Finally, there are some of us who blame ourselves for every thing. We may erroneously believe that we deserve to be abused for as a way to atone for our failings. We mistakenly believe that punishing ourselves will make the sting of our being abused so much less hurtful. In fact, self-abuse only worsens our hurt. Excessive pride, projecting our failures on to others, denying our harm to others, a lack of empathy, pretending to be strong by being a bully, insecurity in fitting it in with others, and oblivion in how we affect others, and grudge holding, all get in the way of forgiving ourselves and others. Rather than admitting our failures we may make things worse for ourselves by denying or exaggerating our dysfunction. taking steps to healing rancor Most of us with excessive hostility towards others often don’t know ourselves very well. We don’t understand how we think and why we feel the way we do. We likely lack introspection, are out of touch with our body and take an oversimplified approach to our distress. Let us learn to not be strangers to ourselves. Some ways to do this include: 1. Make a list of situations that trigger your anger and why you think you are angry. 2. For each situation, list body sensations that can help you realize when you are upset. 3. Describe in each situation the feelings you are having besides anger. For example, you may get angry when you are feeling ashamed of yourself or scared. 4. Return to #1 above and identify what role you play in your own rancor and how you have caused yourself to be

Also let us not be strangers to people who we are alienated from. The animosity we feel towards others is likely because we overlook the humanity and strengths of people who we hate. I can’t tell you the number of times in my life that I’ve learned to respect the good qualities in people who I dislike. Such admiration can build bridges to people who we are alienated from. Love and hate are such close allies. Let us not be blinded by hate. A good in-depth, personal book on forgiveness and anger management is Amish Grace by Steven M. Nolt et alia (Wiley Press, 2010). It is the story of how the Amish learned to forgive the mass murder of their children in a one room school house in Pennsylvania. Your increasing serenity will be a safe harbor from the storms of life and a much-needed sanctuary for your social activism or personal retreat. When you have a peaceful circle of friends that includes yourself, your ship through life will travel safely and securely no matter the storms. John H. Driggs, LICSW, is a Licensed Clinical Social Worker in private practice in St. Paul and co-author of Intimacy Between Men. He can be reached at 651-699-4573.

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love retreat time. It renews my spirit, refreshes my mind, and relaxes my body. Haven’t the last two years felt like an emotional roller coaster? COVID, politics, war, racial wounds, school closings, openings, regroupings. We have been tossed to and fro like passengers of the Titanic, hoping for a lifeboat to bring us to safety. Maybe it’s the perfect time for a retreat! Why should I retreat? To review what has been and gather strength for what lies ahead. How do we make sense of our lives without some time to process what has been? Where is the divine in the recent and distant past? How can I plan for where I am going if I don’t understand where I have been? If there is one thing that we have learned in the last two years it is that hard stuff happens, whether we are prepared or not. Predicting the future is a fool’s errand. What I can do is look at my past for the wisdom to guide me in the present. What happens on retreat? I move out of ordinary time marked by calendar entries, mindless routines, daily rituals. I move into sacred time, wandering time, present moment time. I leave tightly scheduled hours for open, spacious days. I cease skittering from one activity to the next and instead immerse myself in the now. There are many ways to do this. We can enter a retreat that someone else has organized. Perhaps it’s a retreat center or a church community or an ad hoc group that gathers for just this purpose. In such a configuration we trade our regular routine for someone else’s. We are provided with a schedule, regular meals, space for group time and space for alone time. We rest with trusted caring guides. We can also choose to retreat without someone else’s structure, free to form our days as we wish. We can settle into a hermitage to practice being an ascetic for a few days. We are entirely alone. Or we can have a hybrid with some structure and some self-direction. Our retreats can be near or far. In Minnesota we are blessed with many opportunities for local retreats. Though the distance in miles might be short, the difference from our day-to-day experience is significant. I have done both. I have favorite places I like to return to, and I take the opportunity to discover new favorites. I have been to Massachusetts, Wisconsin, and Arizona for retreats. I have my eye on retreat centers in Colorado, New Mexico, and California. I have also gone to hermitages where I am all alone. One year I went to Salt Lake City and rented an Airbnb for several days and structured my own retreat. Given the array of options, what pieces might I consider as I choose a prepackaged retreat or the variety of a build your own option? Stillness is essential. A place to still my wandering mind, settle my agitated spirit, quiet my restless body. Within the stillness I want periods of silence. It takes a day or two to calm my inner waters. Often, I start with a nap, a time to let go of all that preceded my departure and sink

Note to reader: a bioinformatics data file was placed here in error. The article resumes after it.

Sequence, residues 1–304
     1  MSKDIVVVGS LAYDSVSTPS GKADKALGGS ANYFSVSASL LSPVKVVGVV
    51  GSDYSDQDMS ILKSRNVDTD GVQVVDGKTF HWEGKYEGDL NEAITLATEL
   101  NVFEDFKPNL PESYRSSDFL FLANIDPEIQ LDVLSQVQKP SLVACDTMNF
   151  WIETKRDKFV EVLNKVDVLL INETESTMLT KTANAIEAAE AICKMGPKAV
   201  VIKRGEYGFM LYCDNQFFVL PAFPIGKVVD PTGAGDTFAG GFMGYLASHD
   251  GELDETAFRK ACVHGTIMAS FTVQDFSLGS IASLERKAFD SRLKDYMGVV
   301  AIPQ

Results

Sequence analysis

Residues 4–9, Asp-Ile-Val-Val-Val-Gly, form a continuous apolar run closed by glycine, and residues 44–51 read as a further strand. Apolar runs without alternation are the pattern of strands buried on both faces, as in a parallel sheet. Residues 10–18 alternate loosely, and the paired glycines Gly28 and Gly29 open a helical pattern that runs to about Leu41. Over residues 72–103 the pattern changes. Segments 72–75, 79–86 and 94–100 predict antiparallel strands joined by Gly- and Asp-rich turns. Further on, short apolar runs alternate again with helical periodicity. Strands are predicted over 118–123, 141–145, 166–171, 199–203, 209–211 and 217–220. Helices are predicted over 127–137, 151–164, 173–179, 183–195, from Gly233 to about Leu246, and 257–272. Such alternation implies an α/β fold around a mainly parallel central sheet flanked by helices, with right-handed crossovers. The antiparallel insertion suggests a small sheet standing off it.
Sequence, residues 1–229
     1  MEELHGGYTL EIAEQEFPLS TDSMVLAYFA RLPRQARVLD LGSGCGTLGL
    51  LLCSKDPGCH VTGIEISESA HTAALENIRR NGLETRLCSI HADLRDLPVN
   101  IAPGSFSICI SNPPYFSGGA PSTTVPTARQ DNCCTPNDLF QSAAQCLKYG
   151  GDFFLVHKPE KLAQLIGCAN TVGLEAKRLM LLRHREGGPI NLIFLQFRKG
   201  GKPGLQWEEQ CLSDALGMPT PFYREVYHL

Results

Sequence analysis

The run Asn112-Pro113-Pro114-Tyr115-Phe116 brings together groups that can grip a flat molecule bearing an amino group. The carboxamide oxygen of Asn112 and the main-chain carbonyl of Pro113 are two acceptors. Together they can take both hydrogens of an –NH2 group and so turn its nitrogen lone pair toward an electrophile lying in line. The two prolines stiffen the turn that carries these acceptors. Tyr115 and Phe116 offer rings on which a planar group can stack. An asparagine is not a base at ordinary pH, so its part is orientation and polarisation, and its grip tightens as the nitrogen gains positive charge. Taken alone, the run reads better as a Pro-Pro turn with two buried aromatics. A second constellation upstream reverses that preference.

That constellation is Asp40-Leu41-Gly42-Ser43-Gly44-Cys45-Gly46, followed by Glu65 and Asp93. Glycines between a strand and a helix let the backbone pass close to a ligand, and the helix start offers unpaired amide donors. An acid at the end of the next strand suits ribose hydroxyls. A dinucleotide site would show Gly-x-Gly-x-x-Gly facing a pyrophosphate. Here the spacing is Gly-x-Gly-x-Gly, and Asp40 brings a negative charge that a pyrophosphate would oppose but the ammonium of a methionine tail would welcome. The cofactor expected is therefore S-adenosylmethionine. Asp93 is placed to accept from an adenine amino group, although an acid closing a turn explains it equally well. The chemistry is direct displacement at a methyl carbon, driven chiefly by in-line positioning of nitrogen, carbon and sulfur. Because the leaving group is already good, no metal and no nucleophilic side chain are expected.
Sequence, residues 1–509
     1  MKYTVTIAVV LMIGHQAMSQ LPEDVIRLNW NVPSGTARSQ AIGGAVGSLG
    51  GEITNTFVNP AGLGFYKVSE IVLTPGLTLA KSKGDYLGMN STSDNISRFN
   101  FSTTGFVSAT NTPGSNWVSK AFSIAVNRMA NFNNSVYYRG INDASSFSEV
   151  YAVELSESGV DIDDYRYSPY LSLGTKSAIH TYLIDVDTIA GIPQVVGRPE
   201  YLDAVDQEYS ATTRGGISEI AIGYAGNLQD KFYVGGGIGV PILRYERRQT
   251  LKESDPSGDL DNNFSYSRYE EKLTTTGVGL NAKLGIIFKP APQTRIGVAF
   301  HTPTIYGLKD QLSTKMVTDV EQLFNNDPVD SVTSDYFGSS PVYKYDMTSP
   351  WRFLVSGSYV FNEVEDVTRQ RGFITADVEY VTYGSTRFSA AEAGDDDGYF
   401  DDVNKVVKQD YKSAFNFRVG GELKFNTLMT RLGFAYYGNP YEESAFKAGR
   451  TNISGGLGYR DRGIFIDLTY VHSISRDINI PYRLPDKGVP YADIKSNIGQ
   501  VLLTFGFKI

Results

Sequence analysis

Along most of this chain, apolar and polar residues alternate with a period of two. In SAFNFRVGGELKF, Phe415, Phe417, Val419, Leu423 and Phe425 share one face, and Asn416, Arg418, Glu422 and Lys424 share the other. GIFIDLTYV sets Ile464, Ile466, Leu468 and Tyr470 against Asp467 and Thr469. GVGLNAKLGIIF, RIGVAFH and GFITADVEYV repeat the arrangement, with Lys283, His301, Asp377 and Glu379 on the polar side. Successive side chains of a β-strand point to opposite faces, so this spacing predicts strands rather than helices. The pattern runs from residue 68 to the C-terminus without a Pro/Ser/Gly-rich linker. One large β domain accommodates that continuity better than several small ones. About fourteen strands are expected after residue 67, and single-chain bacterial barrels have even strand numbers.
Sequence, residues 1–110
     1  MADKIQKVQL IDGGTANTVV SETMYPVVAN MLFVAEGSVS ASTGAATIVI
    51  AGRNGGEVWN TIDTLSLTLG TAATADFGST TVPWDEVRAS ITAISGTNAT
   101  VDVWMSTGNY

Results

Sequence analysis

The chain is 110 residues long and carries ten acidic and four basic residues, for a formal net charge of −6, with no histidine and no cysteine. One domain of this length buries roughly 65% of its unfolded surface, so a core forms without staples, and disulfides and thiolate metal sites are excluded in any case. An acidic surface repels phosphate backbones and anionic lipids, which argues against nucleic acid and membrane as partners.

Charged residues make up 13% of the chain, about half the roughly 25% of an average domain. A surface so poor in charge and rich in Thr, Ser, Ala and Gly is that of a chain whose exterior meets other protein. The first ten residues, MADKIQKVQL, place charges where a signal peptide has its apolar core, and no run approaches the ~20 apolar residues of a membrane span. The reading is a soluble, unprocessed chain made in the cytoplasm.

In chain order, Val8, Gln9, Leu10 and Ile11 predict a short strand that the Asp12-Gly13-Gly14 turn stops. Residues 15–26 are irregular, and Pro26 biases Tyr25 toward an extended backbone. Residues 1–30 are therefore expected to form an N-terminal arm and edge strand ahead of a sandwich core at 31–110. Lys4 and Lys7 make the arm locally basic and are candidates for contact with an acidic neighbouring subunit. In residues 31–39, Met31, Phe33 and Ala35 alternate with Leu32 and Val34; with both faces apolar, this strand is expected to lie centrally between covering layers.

into the simplicity, the smell, the tranquility of this new place. A Listener. I like to have someone who will listen to what I am exploring. It might be to reflect on what has been happening in my life, to reinvigorate my values, to consider new ways to pray. I might want to use my time to do a 4th step and have a guide with whom to share step 5. I could be wrestling with a decision and want wisdom on discernment. I might not know what I would say, only that I would want a witness to my process. Many retreat centers offer spiritual directors or companions for just this purpose. If I choose a less structured option, I can bring along the words of a mystic I might channel during these days: Teresa of Avila, Thomas Merton, Hildegard of Bingen, Howard Thurman, Julian of Norwich, the Dalai Lama. I can imagine what they might say to me as I engage in conversation with them. Nature. I want a place that leads me outdoors. It might be the gardens and trails of the retreat center. It might be a neighboring park. It could be watching birds seated at a window. Creation brings me into a bigger world. I recognize my own smallness and the grandeur of a creator. Sacred Space. This has lots of looks. A meditation room, a chapel, a chair next to an icon. It’s a place set aside to communicate with the sacred about life’s mysteries and wonder, fears, and apprehensions. It welcomes a conversation with my Higher Power, my God, my spirit guide. Pen and Paper. I bring a retreat journal. I recall past retreats and explore images, memories, desires for this retreat. I also like art supplies because not all wisdom is word based––some can only be expressed in colors, shapes, and sketches. Wisdom Writings. It might be poetry, scripture, the Big Book. It could be a novel or memoir or collection of essays. Many retreat centers have rich libraries with wide-ranging choices to dip into. The spaciousness of retreat time lends itself to explore new authors or genres. I like to come without a reading list, allowing the spirit to guide me to something new or trusted favorites calling for a re-reading. Taking time for a retreat may feel self-indulgent, extravagant, unproductive. It is none of those. It is time to pause, refresh, reacquaint ourselves with our inner self, our sacred calling, our reason for being. It is time to reconnect with our Higher Power, our God, our Creator. It is healthy to care for yourself in this way. Check out the retreat guide in this issue of The Phoenix Spirit, visit the Internet for retreat centers, ask your fellow seekers for their ideas. If you need a permission slip to get away, I will provide one without hesitation. It is an opportunity you won’t want to miss. Mary Lou Logsdon is a Spiritual Director and Retreat Leader in the Twin Cities. She can be reached at logsdon.marylou@